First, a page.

The Feminization of Famine

Expressions of the Inexpressible?

The Feminization of Famine

Book Pages: 272 Illustrations: Published: July 1997

Asian Studies > South Asia, Gender and Sexuality > Feminism and Women’s Studies, Literature and Literary Studies > Literary Criticism

Contemporary depictions of famine and disaster are dominated by female images. The Feminization of Famine examines these representations, exploring, in particular, the literature arising from the Irish "Great Famine" of the 1840s and the Bengali famine of the 1940s. Kelleher illuminates recurring motifs: the prevalence of mother and child images, the scrutiny of women’s starved bodies, and the reliance on the female figure to express the largely "inexpressible" reality of famine. Questioning what gives these particularly feminine images their affective power and analyzing the responses they generate, this historical critique reveals striking parallels between these two "great" famines and current representations of similar natural disasters and catastrophes.
Kelleher begins with a critical reading of the novels and short stories written about the Irish famine over the last 150 years, from the novels of William Carleton and Anthony Trollope to the writings of Liam O’Flaherty and John Banville. She then moves on to unveil a lesser-known body of literature—works written by women. This literature is read in the context of a rich variety of other sources, including eye-witness accounts, memoirs, journalistic accounts, and famine historiography. Concluding with a reading of the twentieth-century accounts of the famine in Bengal, this book reveals how gendered representations have played a crucial role in defining notions of famine.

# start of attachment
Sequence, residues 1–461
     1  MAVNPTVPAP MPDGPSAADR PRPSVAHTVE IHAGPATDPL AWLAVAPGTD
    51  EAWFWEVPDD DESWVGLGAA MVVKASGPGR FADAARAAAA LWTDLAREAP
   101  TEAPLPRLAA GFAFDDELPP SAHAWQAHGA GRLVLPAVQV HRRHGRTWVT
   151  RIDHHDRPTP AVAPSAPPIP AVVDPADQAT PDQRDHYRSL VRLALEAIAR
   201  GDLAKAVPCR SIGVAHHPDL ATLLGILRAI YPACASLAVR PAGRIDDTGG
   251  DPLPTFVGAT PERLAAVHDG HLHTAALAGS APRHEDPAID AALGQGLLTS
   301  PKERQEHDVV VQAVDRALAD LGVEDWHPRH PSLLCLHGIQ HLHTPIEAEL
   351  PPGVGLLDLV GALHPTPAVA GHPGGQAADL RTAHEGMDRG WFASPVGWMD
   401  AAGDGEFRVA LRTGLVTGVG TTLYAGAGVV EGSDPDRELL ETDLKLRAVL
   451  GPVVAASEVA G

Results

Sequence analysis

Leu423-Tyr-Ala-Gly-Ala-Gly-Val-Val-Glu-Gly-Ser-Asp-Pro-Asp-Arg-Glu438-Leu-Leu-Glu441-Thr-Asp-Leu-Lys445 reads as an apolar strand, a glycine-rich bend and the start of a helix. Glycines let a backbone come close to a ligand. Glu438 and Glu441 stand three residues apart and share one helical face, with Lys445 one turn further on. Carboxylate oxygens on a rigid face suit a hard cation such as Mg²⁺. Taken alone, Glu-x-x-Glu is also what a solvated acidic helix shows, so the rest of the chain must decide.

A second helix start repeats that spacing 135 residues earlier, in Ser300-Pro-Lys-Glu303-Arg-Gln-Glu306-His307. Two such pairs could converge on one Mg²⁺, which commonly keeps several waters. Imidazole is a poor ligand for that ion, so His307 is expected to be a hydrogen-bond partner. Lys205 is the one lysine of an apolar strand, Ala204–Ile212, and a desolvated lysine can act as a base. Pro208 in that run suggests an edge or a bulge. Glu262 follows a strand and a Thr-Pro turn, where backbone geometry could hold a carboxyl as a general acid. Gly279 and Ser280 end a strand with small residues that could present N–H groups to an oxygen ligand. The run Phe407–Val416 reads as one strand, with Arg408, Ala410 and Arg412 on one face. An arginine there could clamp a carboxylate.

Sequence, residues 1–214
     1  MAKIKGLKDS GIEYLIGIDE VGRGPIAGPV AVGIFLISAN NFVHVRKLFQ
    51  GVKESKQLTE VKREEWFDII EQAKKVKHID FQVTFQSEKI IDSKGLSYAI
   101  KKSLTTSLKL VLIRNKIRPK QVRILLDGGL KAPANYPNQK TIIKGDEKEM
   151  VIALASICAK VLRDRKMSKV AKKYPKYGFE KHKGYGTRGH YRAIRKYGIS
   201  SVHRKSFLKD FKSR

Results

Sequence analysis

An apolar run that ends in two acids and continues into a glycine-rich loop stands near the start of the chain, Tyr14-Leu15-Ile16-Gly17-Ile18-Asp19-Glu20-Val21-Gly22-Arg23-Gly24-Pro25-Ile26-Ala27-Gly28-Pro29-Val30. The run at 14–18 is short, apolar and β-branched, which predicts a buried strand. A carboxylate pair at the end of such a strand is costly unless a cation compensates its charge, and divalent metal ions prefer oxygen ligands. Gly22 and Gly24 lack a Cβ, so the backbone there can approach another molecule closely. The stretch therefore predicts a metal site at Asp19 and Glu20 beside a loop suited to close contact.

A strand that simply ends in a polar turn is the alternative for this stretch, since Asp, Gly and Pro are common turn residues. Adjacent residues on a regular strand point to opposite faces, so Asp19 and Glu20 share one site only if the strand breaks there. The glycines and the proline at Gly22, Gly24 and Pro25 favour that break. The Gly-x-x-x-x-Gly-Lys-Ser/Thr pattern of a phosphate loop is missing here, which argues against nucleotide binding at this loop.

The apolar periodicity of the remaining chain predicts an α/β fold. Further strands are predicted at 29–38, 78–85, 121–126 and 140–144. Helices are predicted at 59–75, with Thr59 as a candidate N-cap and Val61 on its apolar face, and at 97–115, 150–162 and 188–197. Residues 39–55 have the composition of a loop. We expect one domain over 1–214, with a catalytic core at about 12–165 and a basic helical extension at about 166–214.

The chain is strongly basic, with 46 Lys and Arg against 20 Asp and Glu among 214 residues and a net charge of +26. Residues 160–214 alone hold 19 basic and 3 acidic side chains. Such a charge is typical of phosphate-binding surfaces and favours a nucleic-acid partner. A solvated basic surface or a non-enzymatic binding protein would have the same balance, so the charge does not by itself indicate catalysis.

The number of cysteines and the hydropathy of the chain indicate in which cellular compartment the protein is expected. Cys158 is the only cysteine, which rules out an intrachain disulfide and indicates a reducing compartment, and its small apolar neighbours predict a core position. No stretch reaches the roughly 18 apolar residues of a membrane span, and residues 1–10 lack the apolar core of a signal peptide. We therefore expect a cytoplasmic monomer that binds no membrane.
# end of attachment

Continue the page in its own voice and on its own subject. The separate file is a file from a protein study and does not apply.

“A significant contribution. . . . Kelleher’s study is a sensitive and well-documented reading of an important body of texts. As the contemporary television and print media continue to inundate audiences with images of suffering and death, usually occurring “elsewhere,” The Feminization of Famine is not only relevant to scholars of the Victorian period but is also a serious contribution to an urgent political issue.” — Janice Fiamengo, Victorian Review

“Kelleher’s book is a major contribution to work on famine and will have to be reckoned with by all future writers on the topic. It opens the terrain of gender for Irish famine studies, which has not been adequately addressed before, and counts as a work of prime and revisionary scholarship.” — David Lloyd, University of California at Berkeley

“This book is well conceived, the sources intelligently selected, the writing elegant and sinuously argued.” — Maud Ellman, King’s College, Cambridge


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